WEEKLY WRAP: New GM appointed to assistance company

WEEKLY WRAP: New GM appointed to assistance company | Insurance Business

WEEKLY WRAP: New GM appointed to assistance company
New GM appointed to assistance company
Allianz Global Assistance has hired a new general manager for its health and lifecare division, it has been announced.

Julie Brown, previously of MBF and ING, will take on the role as “the driving force” behind the company.

Brad Smith, chief sales officer of Allianz Global Assistance, welcomed Brown to the company and believes her appointment will help the business develop.

“We are delighted to welcome Julie to the team and are confident that she will excel in this highly strategic role,” Smith said.

“Julie’s wealth of knowledge and experience working in the industry, and her understanding of our universal approach to assistance will lead us from strength-to-strength.”

Brown said she took on the role within the company thanks to the huge potential the business offers.

“I am thrilled to be joining Allianz Global Assistance to help achieve even greater success within the Health & LifeCare division.

“This division has huge potential and with my passion for building a strong team and commitment for customer-focussed innovation, I look forward to bringing a dynamic market-driven approach to our growth.”

Major disruptor makes bow in US market
Google’s foray into the US insurance market officially began last week, as Californians gained access to Google Compare for car insurance.

The feature, which is expected to expand to several more states in the coming months, allows shoppers to compare auto quotes from the 14 carriers that are participating in the site, including MetLife, Mercury Insurance and Safeco. The policies can then be purchased online or through an agent.

“Whether you’re a national insurance provider or one local to California, people searching for car insurance on their phone or computer can find you along with an apples-to-apples comparison of other providers all in as little as five minutes,” Google said in a news release.

The site has been trumpeted as yet another online channel poised to disrupt the independent agent sector: in an interview with the New York Times, Forrester Research insurance analyst Ellen Carney suggested the 40,000 agencies in the US could “absolutely…shrink by a quarter.”

Those in the industry say not so fast, however.

“What Google is really doing is adding another online channel,” said Sean Allen, vice president of North American sales for Xchanging Insurance Services. “The fact that they’re not underwriting today makes them really just another agency, and the biggest hit will be to companies like Esurance and Progressive.”

Comparison sites may even be a help to agents. Andrew Rose, CEO of Compare.com, which allows users to solicit quotes from more than 40 insurers, believes comparison sites give agents affiliated with those carriers a chance to earn commission through an online channel, provided the shopper chooses to purchase through an agent rather than online.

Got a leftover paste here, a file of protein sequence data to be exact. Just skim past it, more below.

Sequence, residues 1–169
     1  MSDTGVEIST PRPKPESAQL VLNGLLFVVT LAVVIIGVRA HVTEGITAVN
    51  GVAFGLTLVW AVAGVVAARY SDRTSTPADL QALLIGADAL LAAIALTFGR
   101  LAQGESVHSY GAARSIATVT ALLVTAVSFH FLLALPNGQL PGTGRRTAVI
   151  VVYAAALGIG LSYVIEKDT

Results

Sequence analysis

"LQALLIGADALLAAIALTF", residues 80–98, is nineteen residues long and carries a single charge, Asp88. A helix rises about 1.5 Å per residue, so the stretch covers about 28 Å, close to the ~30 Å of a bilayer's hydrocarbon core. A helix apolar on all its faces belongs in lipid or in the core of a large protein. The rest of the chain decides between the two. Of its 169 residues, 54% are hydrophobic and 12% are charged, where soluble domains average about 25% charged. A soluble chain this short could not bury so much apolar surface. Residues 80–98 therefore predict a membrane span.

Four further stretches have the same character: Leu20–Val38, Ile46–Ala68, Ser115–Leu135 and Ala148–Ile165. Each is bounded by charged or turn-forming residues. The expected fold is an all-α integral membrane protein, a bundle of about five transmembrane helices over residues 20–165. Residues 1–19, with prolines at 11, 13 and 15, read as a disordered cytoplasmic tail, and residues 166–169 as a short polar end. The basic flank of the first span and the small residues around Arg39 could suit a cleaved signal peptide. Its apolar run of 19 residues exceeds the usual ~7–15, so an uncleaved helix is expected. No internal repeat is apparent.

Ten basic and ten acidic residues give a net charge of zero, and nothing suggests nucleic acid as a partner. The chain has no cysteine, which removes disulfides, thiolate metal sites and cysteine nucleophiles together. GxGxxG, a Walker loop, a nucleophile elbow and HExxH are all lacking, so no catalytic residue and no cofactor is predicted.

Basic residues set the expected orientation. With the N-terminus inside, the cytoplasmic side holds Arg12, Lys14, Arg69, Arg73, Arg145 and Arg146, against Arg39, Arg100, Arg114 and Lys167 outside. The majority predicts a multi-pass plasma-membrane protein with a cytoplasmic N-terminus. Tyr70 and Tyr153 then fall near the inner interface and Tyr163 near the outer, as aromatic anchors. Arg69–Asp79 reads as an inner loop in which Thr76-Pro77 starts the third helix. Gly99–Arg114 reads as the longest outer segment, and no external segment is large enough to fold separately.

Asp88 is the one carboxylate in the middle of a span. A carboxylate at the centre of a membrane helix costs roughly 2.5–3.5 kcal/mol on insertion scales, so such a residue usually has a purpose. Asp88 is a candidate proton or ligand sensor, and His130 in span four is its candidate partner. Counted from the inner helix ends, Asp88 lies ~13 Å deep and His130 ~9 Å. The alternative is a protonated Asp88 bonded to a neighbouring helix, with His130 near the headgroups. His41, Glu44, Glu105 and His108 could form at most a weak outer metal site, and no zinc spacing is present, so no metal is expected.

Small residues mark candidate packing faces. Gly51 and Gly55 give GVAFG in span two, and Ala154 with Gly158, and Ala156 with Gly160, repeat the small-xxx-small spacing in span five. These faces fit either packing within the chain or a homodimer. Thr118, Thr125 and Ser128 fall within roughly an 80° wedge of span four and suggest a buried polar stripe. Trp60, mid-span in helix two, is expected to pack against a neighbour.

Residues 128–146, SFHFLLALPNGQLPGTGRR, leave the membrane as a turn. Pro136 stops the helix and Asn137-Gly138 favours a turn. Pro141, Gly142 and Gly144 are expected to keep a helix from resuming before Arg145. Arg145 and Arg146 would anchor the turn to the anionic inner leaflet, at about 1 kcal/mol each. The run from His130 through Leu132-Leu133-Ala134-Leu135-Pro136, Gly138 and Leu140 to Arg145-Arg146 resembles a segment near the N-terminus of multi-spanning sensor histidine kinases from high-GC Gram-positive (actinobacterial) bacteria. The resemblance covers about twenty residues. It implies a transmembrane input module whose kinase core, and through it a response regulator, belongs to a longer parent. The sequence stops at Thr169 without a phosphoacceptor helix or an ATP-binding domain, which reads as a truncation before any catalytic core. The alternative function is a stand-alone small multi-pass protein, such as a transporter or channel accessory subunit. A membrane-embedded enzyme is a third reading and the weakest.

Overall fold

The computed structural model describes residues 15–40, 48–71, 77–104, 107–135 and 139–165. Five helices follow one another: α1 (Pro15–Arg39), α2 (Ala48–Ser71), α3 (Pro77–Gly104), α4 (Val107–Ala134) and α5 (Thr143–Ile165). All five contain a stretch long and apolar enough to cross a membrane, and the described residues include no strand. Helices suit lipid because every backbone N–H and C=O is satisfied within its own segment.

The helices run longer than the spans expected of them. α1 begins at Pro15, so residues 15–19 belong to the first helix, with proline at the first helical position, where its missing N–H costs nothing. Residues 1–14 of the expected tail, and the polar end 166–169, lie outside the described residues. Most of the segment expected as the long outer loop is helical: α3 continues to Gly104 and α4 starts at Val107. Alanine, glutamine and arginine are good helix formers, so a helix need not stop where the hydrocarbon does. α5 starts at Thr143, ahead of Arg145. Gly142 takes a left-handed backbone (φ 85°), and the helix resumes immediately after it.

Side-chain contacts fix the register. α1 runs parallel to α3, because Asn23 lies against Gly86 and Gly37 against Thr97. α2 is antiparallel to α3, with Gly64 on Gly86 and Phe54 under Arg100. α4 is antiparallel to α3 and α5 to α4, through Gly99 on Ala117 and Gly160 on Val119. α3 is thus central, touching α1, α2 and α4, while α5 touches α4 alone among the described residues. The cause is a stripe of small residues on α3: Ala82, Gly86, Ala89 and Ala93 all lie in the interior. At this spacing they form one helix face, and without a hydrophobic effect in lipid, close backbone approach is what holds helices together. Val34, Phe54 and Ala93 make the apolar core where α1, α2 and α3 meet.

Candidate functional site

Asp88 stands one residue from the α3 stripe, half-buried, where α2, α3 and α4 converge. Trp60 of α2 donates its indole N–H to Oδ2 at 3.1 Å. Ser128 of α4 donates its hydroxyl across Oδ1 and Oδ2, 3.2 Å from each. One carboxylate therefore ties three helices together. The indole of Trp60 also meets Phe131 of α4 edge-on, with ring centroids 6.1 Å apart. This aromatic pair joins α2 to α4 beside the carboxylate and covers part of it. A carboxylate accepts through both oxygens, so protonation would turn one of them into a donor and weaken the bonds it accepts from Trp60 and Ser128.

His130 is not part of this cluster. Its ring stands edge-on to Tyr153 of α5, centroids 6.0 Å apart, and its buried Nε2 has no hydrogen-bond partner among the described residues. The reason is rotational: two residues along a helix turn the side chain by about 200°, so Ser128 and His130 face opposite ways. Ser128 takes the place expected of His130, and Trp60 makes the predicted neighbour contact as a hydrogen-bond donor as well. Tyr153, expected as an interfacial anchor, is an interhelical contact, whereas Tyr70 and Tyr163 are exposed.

“If you’re the John Smith Agency on the corner of Somewhere, USA, you’re in real trouble. The personal relationship structure of the past is changing,” Rose said. “Our model is something that gives agents consideration where they wouldn’t have it otherwise.

“We have a shot in competing against GEICO and other big advertisers. You may have to sacrifice a bit of commission up front to get your skin in the game, but it will allow you to take the personal relationships you offer and put it out on the multi-product market.”

Google is so far licensed to sell insurance in 26 states.

Businesses under scrutiny for ‘opt out’ insurance pricing
Jetstar has been reported as saying it has no plans to change the way it sells online travel insurance, despite the NZ Commerce Commission’s pledge to investigate airlines’ ‘opt-out’ pricing tactics.

The Commission gave Air New Zealand a formal warning last week for its practice of pre-selecting travel insurance for customers when selling tickets online following criticism from Wellington lawyer Michael Wigley.

Air New Zealand has promised to end the practice next month, and the Commission said no further action would be taken against the airline provided it carried out its promise.

Commerce Commission chair Dr Mark Berry said: “We are pleased that Air New Zealand decided to respond to our concerns and will ensure consumers aren’t unintentionally paying for products they may not want or need in the future.”

He added: “We will be targeting other companies we are concerned about. We would encourage all businesses selling online to proactively change their behaviour or drop any consideration of introducing this practice.

“We believe Air New Zealand made the right decision and other businesses should follow their example.”

Berry said it was the Commission’s preference that all companies employ an ‘opt-in’ approach when selling add-on products to consumers online to avoid any possibility of breaching the Fair Trading Act.

“If a company is concerned that its customers need insurance then a suitable approach is to require them to tick ‘yes’ or ‘no’ in a mandatory field and leave it in their hands,” he said.

But a Jetstar spokesman, Phil Boeyen, said travel insurance on Jetstar.com was easy to deselect and much more clearly presented that in Air New Zealand’s booking process and there were no plans to change its travel insurance opt out process.

“We receive very few complaints on travel insurance pre-selection and we believe this is due to the transparency of our process,” Boeyen told Fairfax Media report.

Cover-More, who provide the insurance for Air New Zealand, were contacted by Insurance Business but their spokesperson declined to comment.